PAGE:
Should You Fall In Love With a Time Traveler?

In a vlog, Rowan Ellis complained about "The Creepy Implications of Time Travel Rom-Coms." (Feb 19, 2023)

She complained that the male protagonists use their Time Travel powers to manipulate and remove choice from the female love interests. The hero learns something about the heroine in one timeline, travels backwards in time, and relieves another timeline in which he uses that knowledge to impress her. Reiterated over several journeys, she experiences him as magically attuned to her needs, marvelously able to anticipate what she wants--and because he loves her so much, he gives it to her. 
I can see her point. I can. 

(And nothing in this post is a personal attack on the vlogger.)

But I have a different take. And I have an advantage that she doesn't... I'm married to a Time Traveler.

I want to tell you ladies: if you find a man who not only possess the supernatural power of rearranging space and time, but the willingness to use it to find out what pleases you, and then deliver it, all out of love for you... hold on to that man. 

That's what the hero does in the beautiful, literary science fiction movie About Time. This is a poignant movie, about more than just the love story. I highly recommend it.

I admit, the Science Fiction author in me has my own set of critiques about literary time travel pieces like this. I'm always wondering why people with this power aren't using it to stop genocides, nuclear wars, alien invasions.... but that isn't the point of such stories. They are about relationships.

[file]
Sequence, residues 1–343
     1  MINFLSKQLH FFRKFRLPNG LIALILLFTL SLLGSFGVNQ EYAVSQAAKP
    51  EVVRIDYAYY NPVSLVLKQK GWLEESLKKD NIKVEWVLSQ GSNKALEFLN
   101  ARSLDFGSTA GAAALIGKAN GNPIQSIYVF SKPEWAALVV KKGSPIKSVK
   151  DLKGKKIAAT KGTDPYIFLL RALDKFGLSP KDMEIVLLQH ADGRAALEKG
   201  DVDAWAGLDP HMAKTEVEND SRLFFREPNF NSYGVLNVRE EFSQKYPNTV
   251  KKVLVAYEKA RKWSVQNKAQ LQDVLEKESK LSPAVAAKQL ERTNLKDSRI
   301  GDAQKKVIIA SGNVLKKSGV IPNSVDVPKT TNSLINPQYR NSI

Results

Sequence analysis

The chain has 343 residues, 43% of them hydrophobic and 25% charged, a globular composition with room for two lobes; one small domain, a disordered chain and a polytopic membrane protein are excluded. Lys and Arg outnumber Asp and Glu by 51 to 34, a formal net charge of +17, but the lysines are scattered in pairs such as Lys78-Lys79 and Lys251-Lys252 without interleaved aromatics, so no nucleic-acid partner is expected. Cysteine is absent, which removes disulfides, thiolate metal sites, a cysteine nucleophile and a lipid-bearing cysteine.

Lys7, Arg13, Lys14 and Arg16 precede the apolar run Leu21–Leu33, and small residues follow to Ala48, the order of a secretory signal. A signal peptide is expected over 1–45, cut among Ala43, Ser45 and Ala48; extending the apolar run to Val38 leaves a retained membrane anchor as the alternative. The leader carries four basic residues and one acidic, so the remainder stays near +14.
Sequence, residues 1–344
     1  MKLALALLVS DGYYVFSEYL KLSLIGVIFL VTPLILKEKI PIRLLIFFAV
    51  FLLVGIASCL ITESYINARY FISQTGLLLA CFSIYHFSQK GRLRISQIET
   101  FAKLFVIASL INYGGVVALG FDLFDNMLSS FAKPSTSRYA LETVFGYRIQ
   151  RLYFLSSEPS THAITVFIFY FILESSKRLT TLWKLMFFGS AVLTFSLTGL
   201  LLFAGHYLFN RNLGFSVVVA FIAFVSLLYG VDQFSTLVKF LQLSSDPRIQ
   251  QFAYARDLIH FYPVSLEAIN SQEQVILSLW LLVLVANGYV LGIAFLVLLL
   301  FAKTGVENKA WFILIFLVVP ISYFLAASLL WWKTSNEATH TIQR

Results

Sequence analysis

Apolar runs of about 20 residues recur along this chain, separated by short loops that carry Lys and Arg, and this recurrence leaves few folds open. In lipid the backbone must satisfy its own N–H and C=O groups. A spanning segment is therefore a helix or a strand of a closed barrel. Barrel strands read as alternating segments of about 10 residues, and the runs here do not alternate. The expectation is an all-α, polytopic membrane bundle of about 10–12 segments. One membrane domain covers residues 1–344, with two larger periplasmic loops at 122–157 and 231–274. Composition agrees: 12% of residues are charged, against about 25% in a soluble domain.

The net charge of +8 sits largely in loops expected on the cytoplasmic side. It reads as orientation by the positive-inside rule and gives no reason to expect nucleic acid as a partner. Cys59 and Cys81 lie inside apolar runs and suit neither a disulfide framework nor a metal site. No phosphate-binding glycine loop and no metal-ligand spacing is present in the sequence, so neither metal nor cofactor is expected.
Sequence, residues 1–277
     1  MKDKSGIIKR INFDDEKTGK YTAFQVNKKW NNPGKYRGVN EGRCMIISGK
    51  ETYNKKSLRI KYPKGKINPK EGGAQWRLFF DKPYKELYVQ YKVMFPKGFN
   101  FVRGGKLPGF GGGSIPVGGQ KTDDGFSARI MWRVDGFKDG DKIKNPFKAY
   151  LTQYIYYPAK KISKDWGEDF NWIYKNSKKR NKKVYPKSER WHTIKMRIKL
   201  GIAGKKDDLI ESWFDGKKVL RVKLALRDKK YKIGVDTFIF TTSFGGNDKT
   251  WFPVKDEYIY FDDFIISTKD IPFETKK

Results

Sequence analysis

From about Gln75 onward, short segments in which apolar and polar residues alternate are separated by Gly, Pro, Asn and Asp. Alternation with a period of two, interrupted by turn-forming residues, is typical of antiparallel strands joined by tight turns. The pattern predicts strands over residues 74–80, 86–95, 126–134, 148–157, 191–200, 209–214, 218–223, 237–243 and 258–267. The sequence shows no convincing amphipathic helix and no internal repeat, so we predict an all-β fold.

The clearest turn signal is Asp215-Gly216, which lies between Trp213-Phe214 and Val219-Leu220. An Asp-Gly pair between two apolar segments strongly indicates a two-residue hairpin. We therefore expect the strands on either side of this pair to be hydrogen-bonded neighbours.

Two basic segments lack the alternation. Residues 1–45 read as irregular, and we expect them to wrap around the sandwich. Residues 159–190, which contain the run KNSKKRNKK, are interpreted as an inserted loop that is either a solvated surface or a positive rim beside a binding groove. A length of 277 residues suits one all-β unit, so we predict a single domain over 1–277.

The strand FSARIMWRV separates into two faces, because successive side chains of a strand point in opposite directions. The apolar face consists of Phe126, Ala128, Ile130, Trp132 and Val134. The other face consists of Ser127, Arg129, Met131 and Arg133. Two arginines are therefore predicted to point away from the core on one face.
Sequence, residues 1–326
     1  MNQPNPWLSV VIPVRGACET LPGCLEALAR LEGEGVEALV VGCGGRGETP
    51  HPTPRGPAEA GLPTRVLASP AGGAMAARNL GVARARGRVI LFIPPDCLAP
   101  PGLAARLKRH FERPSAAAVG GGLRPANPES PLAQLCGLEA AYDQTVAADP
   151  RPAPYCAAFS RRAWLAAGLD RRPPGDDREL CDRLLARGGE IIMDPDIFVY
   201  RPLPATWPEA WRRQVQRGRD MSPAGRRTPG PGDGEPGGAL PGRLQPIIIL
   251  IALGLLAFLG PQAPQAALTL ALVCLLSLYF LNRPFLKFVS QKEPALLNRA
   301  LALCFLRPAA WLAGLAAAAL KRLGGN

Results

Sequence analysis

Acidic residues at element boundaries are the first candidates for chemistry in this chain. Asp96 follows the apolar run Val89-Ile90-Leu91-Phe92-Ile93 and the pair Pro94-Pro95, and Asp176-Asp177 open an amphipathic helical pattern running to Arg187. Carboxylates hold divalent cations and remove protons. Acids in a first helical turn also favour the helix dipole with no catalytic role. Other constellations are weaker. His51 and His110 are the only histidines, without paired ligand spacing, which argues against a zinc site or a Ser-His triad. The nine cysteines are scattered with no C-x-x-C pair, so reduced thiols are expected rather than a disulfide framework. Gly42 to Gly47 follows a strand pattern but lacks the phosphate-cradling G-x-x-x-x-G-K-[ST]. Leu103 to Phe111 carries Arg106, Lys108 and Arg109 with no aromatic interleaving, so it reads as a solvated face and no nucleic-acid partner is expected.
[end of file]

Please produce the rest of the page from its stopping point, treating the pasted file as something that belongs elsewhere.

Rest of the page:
It's the relationships where the vlogger found fault. For instance, in About Time, the hero meets the heroine in one timeline, but then, after using his power to fix another problem, discovers he never met her. So he uses his time travel powers to find a way to meet her again--before she can start dating some other dude.

Somehow, him using his innate talent to find the love of his life, marry her and have children with her, is supposed to be terrible--even though the heroine clearly falls in love with him too.

Unfortunately, there's a certain class of critique, of both literature and life, that insists on seeing ANY thing a man does to win the love of a woman as "manipulative" or part of some power play in the ongoing war between the sexes. It seems as if according to some people, anything that leads to a happy ending is always wrong.

Why? Because a happy ending, or any ending with a man and woman marrying and having children, is wrong in and of itself. Sometimes this is merely implied; sometimes it's the premise. 

It's a nihilistic attitude. I'm not speaking here of the original vlog, necessarily, which I don't know that well, but of a general trend among literary critics.

It is this attitude that has left so many young people single, childless lonely and depressed. There. I said it. I'm just so sick of people hating on Romance as a concept... and then wondering why all their relationships fail. Look, your values matter. If you have convinced yourself that Happily Ever After never happens, how will you ever be happy? I've seen too many friends talk themselves out of happiness. 

It's easy to play the cynic, the critic, and the scoff. 

There's a trick I use with Fantasy which I learned from a Jungian historian of mythology, whose name, unfortunately, eludes me. She said, "When you look at a story with magic, take the magic away and ask what's happening."